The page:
Balancing our job search efforts with a good measure of giving back is an effective way to boost our sense of self-worth. It is important to find volunteer opportunities that engage our talents and special abilities. For me, that means purely feel-good activities—while noble—don’t make the cut. When I’ve been unemployed, giving back has meant helping individuals referred by my pastor with vocation questions. But giving back doesn’t have to mean a formal activity with a non-profit. A client of mine who teaches firearm safety classes at his community center also helps the owner of a local gun shop by running errands for the store. 


Giving back does more than benefit the recipient:


  • It keeps our current skills sharp. It hones the skills we already have.
  • It allows us to learn new things. It gives us the chance to take our skills in a different direction.
  • It allows us to network. We can connect with other professionals which might lead to a new job opportunity.
  • It fills employment gaps in our resumes. It shows potential employers that we are active, hard-working, and engaged.
  • It provides social interaction. It can take the place of the camaraderie we once had at work.
  • It gives us purpose. It gives us a reason to get up in the morning and helps us maintain a daily routine.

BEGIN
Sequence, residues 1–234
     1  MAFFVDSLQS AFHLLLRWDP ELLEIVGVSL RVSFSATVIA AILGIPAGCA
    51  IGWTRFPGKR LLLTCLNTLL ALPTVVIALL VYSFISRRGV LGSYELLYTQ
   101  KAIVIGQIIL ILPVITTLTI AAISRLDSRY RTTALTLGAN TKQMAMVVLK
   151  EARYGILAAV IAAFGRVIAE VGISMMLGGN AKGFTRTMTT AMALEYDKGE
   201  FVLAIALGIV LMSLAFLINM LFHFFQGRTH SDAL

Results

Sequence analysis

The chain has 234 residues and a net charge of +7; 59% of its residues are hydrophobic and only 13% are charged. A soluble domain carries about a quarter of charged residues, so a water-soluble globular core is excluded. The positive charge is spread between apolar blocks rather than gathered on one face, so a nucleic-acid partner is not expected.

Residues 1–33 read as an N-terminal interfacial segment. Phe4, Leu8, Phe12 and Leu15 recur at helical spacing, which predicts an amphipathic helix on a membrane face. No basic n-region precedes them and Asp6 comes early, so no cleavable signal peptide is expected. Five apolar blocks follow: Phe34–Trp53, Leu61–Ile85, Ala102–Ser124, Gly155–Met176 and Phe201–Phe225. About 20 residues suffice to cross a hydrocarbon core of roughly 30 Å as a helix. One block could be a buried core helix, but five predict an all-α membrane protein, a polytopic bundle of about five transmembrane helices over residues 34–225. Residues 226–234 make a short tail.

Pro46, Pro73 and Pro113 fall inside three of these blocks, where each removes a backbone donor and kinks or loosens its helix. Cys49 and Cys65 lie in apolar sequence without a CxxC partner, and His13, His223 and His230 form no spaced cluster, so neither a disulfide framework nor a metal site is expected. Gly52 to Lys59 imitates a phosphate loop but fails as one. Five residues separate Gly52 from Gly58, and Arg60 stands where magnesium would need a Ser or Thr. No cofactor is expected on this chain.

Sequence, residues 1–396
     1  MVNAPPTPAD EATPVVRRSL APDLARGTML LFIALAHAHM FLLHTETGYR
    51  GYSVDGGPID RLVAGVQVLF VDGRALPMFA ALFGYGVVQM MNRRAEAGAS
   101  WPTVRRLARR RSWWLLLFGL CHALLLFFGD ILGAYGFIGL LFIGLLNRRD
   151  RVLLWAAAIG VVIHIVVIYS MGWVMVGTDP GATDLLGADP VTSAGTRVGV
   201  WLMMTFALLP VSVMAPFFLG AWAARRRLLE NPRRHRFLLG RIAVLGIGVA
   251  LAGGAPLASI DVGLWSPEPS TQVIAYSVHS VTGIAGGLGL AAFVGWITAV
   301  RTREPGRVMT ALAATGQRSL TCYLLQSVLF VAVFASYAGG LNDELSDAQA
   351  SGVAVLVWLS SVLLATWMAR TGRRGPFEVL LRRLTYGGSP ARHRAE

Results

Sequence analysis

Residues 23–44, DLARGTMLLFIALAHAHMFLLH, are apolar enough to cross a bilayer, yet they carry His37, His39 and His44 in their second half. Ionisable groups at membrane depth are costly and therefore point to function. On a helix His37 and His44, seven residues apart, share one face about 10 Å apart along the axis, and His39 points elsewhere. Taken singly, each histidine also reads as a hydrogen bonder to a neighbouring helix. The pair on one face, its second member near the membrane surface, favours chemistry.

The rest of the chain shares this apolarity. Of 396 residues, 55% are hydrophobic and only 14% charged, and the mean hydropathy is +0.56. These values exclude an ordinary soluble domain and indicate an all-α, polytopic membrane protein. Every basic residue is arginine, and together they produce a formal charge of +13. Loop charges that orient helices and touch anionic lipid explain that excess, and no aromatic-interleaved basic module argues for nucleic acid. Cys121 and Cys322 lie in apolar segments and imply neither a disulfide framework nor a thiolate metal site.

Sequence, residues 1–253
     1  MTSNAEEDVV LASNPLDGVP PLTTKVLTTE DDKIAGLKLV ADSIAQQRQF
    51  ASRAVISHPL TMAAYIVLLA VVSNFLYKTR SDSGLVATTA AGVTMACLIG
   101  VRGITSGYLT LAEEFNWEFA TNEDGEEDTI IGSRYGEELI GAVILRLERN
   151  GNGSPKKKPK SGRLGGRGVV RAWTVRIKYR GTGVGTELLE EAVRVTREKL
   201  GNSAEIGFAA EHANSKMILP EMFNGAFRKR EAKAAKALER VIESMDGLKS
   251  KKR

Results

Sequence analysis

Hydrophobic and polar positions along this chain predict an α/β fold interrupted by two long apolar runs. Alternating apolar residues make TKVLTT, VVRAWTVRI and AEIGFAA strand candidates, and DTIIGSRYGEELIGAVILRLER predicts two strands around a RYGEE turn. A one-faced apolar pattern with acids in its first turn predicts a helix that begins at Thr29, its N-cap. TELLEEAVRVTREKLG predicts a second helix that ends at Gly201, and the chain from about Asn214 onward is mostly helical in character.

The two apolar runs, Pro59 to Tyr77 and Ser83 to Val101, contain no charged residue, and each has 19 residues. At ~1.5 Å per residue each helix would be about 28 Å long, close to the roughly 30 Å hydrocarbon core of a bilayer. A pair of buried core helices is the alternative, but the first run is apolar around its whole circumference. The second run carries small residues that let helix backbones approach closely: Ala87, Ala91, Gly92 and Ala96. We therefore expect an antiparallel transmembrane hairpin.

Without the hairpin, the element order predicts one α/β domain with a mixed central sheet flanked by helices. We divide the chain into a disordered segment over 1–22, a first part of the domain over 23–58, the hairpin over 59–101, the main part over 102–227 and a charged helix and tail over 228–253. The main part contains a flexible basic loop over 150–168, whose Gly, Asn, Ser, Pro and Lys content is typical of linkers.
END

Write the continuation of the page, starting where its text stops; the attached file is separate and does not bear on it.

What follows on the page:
• It’s fulfilling. It allows us to make a difference in our community.


Giving back can provide purpose for our lives during uncertainty and renew those feelings of self-worth, which are critical to job search success. Did you know that the word vocation comes from the Latin word voc which means call? By engaging our skills and talents to help another, we can continue to live out our true vocation, or calling, while we search for our next job.


4 thoughts on “Maintain Your Self-Worth While Unemployed

  1.  Volunteering can be great for building self esteem AND a resume.  Mary Clare, you may want to think about ways to use your skills through volunteering during your leave.  The advantage of this is that you can limit hours and build in flexibility with volunteering.
    Two sites  you may want to check our are and  You can sort both of these databases to find opportunities.  Altelrnately, you can explore opportunities with organizations through networking.